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Recent Articles by JD.MD, Inc.

Examples of Weak Cases V - Multiple Defendants in Medical and Dental Malpractice

You were treated by many doctors over a period of time and cannot be sure which one was responsible or whether they all were.

Medical and Dental Malpractice - Did You Consent to the Treatment?

A mugger sticks a knife in you and kills you or leaves you maimed for life. A surgeon sticks a knife in you, and kills you or leaves you maimed for life. What is the difference between the two? The mugger will go to jail and the surgeon will not. Why? Because you consented: you signed a consent form and gave the surgeon permission to stick the knife in you.

Medical and Dental Malpractice - How Do You Give Informed Consent?

Before you decide whether you have a legitimate complaint for lack of informed consent, let us look at some of the ways you can consent to a doctor’s treatment and some of the ways a doctor can treat a patient without that person’s formal consent.

Medical and Dental Malpractice - When Do You Not Need A Consent?

To work on a patient without anybody’s consent, a doctor must comply with four requirements: 1. The patient is in dire danger. 2. The patient is unable to consent. 3. If the patient is a child, a parent or guardian is not readily available. 4. It can be reasonably assumed that the patient would consent if able.

How Much Does the Doctor Have to Tell You to Obtain Your Consent?

Does he have to tell you everything he is going to do? Go through the surgical operation step-by-step? Warn you about every possible complication? Discuss all possible alternative treatments, even if they are hardly ever used? What if the chance of a certain complication is one in a million? What if it is one in ten? How about a 50-50 chance?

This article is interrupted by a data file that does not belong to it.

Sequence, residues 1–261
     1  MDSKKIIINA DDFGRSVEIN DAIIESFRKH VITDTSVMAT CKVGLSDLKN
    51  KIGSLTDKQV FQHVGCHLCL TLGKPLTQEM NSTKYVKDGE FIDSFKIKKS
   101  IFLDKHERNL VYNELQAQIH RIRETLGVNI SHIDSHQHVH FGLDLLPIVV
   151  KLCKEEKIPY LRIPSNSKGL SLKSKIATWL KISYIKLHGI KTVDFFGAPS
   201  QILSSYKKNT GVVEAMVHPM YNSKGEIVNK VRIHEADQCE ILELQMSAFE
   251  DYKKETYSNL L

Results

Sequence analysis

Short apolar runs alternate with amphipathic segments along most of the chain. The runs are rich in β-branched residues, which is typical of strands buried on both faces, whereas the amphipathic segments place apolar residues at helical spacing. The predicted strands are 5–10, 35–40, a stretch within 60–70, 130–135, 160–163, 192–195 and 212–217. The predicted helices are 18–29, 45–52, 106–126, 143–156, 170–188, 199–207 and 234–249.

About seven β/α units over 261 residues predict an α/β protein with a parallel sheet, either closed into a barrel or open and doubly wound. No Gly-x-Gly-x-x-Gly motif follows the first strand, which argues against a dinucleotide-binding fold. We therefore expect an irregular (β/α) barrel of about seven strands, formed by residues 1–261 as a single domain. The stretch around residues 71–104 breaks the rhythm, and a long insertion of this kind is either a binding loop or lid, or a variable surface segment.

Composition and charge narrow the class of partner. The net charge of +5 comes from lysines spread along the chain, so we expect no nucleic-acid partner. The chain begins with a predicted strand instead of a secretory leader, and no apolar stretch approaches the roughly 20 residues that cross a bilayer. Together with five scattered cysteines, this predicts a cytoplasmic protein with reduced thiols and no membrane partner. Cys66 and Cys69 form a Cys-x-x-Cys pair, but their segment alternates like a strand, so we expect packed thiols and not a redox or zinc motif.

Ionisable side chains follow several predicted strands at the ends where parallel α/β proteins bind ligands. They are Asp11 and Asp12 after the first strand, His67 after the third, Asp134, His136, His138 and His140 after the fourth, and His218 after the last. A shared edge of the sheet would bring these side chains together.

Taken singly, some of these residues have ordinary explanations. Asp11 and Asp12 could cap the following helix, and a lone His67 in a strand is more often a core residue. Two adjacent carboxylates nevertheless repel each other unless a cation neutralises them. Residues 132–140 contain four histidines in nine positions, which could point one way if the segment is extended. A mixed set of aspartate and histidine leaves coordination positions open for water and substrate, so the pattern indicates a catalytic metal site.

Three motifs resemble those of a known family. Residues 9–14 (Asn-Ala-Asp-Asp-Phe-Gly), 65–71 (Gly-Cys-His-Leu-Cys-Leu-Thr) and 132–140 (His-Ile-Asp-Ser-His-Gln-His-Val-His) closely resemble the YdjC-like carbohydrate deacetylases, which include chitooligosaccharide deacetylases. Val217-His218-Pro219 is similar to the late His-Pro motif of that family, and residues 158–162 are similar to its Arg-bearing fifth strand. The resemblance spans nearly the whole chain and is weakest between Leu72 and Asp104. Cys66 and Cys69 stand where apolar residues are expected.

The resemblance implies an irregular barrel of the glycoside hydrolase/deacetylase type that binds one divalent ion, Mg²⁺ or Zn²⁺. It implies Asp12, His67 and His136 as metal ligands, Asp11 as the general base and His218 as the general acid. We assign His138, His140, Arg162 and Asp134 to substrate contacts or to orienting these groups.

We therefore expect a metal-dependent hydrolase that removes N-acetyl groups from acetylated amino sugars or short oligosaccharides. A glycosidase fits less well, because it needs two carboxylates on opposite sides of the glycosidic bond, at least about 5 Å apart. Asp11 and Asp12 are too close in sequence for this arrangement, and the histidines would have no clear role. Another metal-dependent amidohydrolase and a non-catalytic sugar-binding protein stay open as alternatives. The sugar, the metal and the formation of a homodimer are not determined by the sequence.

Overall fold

The Reasonable Patient Standard in Informed Consent

Lawyers call this the Lay Standard, because it is based on what a layman (the patient) understands and not what a professional thinks she needs to understand.

What is Medical or Dental Malpractice?

A physician or dentist does not undertake to cure you. He only has to do his best for you according to the standard of care for his community or medical or dental specialty. If he did not, you have a legitimate complaint. If he did, you probably do not have a case, no matter how disastrous the results.

Rules in Medical and Dental Malpractice

This means the doctor has to be up-to-date and in step with modern medicine or dentistry. For example, we know today that lumpectomy and simple mastectomy produce better results in most cases of breast cancer than the disfiguring, disabling radical mastectomy that was popular with breast surgeons for many years. Today, a doctor who rushes in and does radical breast surgery, without considering conservative treatment, is not up to the state of the art and is guilty of malpractice.

Rules in Medical and Dental Malpractice - School of Thought Rule

You have already read about the New Jersey case, which held that a podiatrist cannot be expected to treat a cardiac arrest, because he is only trained to work below the ankle. However, an Arizona podiatrist treated an elderly man for pain in the leg and lameness.

Rules in Medical and Dental Malpractice -The Respectable Minority Rule

You are sitting outside the treatment room of a hospital when you hear one nurse say to another, “Dr. Jones is butchering that poor patient!” The patient is your mother.

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